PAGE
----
As the North Carolina Lottery Commission works toward a 2024 launch of online sports betting, it will look to the public, at some point, for feedback on rules and regulations.
Consider this my recommendation.
The Tar Heel State should cut off the head of a type of betting that’s starting to rot the integrity of the industry.
The public should be prohibited from betting on markets determined by voting, on drafts where outcomes are decided in conference rooms or on off-field markets such as free-agent destinations.
Let’s keep North Carolina sports betting to the fields of play, where inside information that could leak to the public is much less likely to determine outcomes.
It’s a minor part of the business, and it is starting to do major damage to a maturing industry where perception becomes reality in the public sphere.
Shams reporting made NBA Draft betting a sham
In states where betting on league drafts is allowed, we’ve already tasted what could be a tainted future.
The Athletic’s Shams Charania, who doubles as a paid spokesperson for FanDuel Sportsbook, is already swimming in deep gambling waters.
Charania reported on Twitter in the lead-up to the June NBA Draft that Scoot Henderson going No. 2 to the Charlotte Hornets was gaining “serious momentum.”
Since Charania’s NBA intel trails only ESPN’s Adrian Wojnarowski for its reliability, the odds for the No. 2 pick shifted dramatically. Brandon Miller of Alabama came into the week as the favorite to go No. 2. After the report, FanDuel Sportsbook made Henderson a -380 favorite to go second, according to the Washington Post.
Charania’s report pointed fans and bettors in the wrong direction, though, and Miller ended up in Charlotte instead.
Those who tried to beat the books, or use Shams’ intel as gospel, lost money to bookmakers, including his partner FanDuel.
Professional ethics protections not enough for voters, bettors
Now, I’m not suggesting any ill intent or malfeasance on Charania’s part with the NBA Draft debacle.
But whether anyone did anything wrong is beside the point. The facts here don’t require many leaps of logic to arrive at scandal.
Notably, leagues have safeguards to protect the integrity of these markets. Media members who vote on awards are not allowed to bet on them. Plus, media members who delve into the information underbelly are generally prohibited from betting on those sports by state regulators.
In reality, sportsbooks heavily limit these kinds of bets. No one will get rich off this information, and the regulated industry could help catch bad actors.
However, I know sportswriters. I was one.
Pollsters with platforms can certainly influence narratives throughout the season that impact voting. And all of them have people close to them who can put legal action down.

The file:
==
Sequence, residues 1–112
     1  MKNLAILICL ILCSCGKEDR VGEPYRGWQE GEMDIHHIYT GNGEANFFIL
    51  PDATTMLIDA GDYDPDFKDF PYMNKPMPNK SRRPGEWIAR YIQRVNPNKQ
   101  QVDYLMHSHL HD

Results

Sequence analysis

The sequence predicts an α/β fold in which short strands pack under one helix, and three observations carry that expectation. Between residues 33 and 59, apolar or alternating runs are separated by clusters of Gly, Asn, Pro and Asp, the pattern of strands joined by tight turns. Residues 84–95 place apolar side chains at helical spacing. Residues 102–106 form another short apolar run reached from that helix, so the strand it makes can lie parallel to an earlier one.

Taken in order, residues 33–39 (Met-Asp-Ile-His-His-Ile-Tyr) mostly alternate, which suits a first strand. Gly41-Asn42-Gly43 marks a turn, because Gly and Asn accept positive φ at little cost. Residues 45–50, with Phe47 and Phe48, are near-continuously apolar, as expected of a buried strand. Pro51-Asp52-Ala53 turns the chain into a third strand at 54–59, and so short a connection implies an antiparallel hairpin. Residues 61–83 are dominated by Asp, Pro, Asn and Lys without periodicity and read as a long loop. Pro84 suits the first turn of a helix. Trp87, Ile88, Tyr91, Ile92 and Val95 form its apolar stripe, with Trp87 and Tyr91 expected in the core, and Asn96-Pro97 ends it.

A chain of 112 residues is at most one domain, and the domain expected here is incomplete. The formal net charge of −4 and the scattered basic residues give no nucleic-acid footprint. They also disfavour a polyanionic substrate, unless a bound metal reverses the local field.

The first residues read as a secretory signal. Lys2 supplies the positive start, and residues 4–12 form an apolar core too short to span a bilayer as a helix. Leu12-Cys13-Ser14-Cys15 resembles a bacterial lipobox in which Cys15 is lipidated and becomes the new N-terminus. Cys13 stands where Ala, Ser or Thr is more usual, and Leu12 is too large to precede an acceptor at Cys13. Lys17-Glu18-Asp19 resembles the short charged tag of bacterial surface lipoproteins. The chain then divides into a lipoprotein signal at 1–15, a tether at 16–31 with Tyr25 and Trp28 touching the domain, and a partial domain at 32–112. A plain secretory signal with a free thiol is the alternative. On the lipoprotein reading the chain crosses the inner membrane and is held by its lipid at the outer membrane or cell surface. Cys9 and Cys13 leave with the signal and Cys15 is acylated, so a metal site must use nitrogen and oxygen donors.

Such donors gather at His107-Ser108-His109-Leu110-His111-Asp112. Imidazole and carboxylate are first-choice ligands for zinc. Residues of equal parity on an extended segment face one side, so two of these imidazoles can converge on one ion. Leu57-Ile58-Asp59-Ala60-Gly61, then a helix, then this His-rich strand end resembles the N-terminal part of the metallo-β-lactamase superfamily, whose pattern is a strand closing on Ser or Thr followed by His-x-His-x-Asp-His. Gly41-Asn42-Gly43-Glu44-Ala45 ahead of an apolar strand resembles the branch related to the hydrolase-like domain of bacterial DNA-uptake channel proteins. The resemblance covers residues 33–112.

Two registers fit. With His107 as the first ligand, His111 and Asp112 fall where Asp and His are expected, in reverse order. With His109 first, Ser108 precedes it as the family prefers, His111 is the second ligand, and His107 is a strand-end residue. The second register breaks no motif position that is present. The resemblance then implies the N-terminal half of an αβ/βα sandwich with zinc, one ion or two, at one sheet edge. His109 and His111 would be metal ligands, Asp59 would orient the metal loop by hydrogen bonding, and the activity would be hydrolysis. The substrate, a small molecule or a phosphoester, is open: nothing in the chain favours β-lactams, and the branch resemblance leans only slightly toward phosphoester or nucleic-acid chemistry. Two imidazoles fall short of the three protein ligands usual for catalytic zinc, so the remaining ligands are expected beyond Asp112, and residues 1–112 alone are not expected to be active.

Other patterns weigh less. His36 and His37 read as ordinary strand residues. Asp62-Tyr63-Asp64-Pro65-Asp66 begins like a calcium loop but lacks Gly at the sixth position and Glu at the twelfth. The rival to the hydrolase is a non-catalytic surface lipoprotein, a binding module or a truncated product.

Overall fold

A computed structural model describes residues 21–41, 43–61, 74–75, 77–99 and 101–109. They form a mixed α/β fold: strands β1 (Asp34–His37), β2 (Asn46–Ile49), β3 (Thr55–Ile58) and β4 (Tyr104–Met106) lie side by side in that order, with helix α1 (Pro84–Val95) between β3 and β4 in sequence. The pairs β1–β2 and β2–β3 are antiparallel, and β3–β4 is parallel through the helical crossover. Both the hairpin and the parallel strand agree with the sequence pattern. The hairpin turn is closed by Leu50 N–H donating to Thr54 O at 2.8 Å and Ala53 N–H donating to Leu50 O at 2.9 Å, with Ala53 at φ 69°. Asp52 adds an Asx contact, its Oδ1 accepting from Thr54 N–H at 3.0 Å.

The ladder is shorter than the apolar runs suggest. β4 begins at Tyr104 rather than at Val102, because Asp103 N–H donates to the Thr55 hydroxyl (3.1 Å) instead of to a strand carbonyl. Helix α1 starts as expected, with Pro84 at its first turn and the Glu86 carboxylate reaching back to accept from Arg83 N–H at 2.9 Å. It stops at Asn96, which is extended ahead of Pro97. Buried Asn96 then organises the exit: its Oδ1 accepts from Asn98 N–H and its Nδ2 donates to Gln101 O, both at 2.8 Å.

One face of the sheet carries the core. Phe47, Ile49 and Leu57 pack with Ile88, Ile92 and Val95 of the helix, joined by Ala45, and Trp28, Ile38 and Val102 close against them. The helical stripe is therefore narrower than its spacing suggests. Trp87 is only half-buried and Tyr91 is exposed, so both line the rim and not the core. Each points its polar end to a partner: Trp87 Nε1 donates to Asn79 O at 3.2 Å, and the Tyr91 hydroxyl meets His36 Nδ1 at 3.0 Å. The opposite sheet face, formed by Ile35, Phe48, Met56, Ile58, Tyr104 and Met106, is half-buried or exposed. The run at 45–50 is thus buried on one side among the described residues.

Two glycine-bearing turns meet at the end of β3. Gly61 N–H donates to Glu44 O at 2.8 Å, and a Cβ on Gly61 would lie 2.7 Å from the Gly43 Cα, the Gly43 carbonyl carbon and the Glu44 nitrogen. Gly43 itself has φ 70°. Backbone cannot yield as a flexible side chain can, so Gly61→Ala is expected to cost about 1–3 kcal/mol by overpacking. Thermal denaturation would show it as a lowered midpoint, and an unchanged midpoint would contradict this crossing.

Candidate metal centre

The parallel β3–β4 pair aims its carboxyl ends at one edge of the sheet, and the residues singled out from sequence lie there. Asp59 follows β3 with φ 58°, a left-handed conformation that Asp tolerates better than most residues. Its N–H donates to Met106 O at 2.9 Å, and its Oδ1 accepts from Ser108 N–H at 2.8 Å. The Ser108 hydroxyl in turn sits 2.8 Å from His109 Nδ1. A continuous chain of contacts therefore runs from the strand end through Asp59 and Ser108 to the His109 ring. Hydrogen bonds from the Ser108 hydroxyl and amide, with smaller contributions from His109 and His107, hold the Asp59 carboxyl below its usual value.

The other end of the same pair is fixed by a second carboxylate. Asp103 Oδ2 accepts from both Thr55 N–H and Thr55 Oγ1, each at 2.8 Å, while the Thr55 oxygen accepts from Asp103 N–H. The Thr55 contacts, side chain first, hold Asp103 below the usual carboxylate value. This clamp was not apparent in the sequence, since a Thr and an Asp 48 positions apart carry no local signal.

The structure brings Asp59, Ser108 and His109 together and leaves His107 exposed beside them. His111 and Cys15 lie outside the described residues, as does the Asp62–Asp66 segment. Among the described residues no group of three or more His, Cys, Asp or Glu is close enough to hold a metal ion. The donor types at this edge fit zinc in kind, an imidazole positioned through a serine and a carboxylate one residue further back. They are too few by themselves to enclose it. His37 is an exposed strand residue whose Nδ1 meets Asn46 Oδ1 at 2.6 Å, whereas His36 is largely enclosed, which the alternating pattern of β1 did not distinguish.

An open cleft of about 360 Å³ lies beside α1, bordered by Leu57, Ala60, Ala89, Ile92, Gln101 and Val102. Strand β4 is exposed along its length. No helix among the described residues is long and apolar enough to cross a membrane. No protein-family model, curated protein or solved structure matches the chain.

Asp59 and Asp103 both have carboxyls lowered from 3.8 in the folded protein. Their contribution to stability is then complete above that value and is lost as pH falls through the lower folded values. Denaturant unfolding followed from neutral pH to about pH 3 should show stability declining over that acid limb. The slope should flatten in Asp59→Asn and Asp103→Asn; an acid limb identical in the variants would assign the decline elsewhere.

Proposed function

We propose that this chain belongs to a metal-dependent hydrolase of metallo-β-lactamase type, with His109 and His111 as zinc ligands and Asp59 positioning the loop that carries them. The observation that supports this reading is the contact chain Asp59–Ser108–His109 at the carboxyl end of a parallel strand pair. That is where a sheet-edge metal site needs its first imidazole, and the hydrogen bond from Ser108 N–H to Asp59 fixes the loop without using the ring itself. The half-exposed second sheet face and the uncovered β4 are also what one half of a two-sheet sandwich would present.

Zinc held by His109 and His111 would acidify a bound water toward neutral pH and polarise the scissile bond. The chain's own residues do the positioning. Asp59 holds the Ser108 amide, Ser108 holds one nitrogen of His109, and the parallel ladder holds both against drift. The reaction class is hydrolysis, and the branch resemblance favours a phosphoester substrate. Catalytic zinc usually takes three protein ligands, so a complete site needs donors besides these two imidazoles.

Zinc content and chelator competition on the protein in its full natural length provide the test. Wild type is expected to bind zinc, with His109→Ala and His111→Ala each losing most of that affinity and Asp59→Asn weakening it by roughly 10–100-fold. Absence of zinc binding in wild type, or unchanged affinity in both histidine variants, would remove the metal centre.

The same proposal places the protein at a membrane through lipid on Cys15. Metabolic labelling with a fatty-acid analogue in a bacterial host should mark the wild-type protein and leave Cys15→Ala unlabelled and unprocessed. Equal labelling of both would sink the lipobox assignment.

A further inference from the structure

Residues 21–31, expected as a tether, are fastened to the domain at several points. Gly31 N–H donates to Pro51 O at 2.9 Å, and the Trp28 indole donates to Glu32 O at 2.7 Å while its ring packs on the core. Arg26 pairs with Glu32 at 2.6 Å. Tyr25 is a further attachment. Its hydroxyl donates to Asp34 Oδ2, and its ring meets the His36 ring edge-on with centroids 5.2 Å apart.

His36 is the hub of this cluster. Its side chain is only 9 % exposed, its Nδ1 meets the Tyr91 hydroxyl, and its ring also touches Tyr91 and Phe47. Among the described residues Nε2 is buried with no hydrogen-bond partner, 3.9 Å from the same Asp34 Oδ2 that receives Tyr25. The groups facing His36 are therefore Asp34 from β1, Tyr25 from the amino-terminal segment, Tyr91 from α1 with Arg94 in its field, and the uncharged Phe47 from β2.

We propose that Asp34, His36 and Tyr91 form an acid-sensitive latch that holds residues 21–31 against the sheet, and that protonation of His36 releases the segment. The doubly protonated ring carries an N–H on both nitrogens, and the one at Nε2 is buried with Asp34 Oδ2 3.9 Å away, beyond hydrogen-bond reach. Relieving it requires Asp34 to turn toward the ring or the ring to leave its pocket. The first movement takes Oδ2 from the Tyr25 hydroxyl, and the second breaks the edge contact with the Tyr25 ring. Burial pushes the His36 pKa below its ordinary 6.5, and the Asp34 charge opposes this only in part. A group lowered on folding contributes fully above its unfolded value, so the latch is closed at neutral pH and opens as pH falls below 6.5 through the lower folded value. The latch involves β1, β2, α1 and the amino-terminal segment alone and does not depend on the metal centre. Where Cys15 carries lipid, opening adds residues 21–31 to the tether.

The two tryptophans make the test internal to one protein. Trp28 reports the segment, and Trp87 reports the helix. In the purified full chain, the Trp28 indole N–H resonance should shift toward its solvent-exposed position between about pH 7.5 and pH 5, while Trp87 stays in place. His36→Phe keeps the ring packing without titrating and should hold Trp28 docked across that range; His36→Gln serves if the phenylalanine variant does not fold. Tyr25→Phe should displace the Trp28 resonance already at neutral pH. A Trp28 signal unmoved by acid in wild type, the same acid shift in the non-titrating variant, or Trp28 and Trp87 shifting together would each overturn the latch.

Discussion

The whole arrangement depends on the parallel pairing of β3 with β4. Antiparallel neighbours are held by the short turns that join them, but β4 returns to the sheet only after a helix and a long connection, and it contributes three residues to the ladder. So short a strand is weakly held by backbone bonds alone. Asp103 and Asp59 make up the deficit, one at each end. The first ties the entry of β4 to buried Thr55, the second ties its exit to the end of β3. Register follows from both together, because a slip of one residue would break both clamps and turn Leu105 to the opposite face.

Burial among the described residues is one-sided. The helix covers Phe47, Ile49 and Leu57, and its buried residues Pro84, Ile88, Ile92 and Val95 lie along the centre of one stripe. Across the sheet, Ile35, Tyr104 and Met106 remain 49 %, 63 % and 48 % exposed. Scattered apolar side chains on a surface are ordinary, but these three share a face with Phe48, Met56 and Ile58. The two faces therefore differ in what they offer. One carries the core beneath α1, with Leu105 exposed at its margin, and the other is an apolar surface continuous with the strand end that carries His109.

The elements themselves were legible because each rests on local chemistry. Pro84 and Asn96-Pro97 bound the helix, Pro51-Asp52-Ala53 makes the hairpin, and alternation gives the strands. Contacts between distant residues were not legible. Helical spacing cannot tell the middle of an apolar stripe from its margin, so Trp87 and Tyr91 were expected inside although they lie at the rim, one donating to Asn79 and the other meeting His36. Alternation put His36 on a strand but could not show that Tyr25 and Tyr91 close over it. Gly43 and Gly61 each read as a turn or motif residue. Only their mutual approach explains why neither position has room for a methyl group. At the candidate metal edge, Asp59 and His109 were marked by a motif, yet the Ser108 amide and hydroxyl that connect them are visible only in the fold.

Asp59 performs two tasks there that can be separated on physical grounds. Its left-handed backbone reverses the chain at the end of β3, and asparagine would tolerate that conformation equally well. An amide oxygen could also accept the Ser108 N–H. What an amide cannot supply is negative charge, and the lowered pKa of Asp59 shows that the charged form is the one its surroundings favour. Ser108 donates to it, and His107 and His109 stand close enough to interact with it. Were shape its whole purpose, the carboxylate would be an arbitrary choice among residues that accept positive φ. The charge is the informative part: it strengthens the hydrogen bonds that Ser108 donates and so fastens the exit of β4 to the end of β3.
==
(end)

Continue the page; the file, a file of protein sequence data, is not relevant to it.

New York does not permit betting on anything that requires a vote, though there is momentum to allow such bets. I think we should be moving the other way, following New York’s current position.
You can’t tell me that professional ethics will prevent every voter from sharing inclinations or private polling of other voters with friends or others, whether deliberately giving a betting edge or not.
Transactions often already determined while markets still up
Similarly, the official opening of free agency in the NBA invites tired jokes about how much tampering is going on throughout the league.
Deals are reported by Charania and Wojnarowski in rapid succession right away. Clearly, information has been known by insiders for some time.
Some states, such as Colorado, allow “next team to play for” markets where the outcome could already be decided while a bet can be placed.
Shams and Woj basically have Biff Tannen’s sports almanac in their Twitter drafts.
What could possibly go wrong?
ESPN entry into sports betting makes slope more slippery
The entire industry was waiting for ESPN to dive in after dipping its toes in the betting waters with recent DraftKings and Caesars deals.
Last week, the Worldwide Leader finally jumped in headfirst, taking a guaranteed payday from Penn Entertainment to help market their ESPN Bet product, due this fall.
North Carolina should be the first state with ESPN Bet on the start line with its competitors.
This is sports betting crossing another threshold into the mainstream, which is even more of a reason to re-examine the norms on which we stand.
Regulators already noticed Charania’s NBA draft controversy and should be giving off-field betting markets a closer look.
With the industry being rolled out state by state, each regulator must choose what kinds of responsible gambling and integrity issues to battle head-on.
North Carolina has a chance here to make a stand on an evolving issue within the industry. Other states would then be wise to rethink their policies and follow their lead.
On-field issues enough of a headache for evolving industry
Drafts, awards and transaction betting markets are basically boutique bets for sportsbooks keeping up with the Joneses to make “newsworthy” offers. With off-field handle limited by the books, it’s all the more reason not to let a small corner of the overall business sully its reputation.
The NC sports betting law does not address off-field markets, and this will be an issue for either the upcoming regulations process or through approval of individual markets later by the commission.
North Carolina should proactively keep off-field betting off its betting menus, ensuring the rot doesn’t ruin sports betting fun for everyone.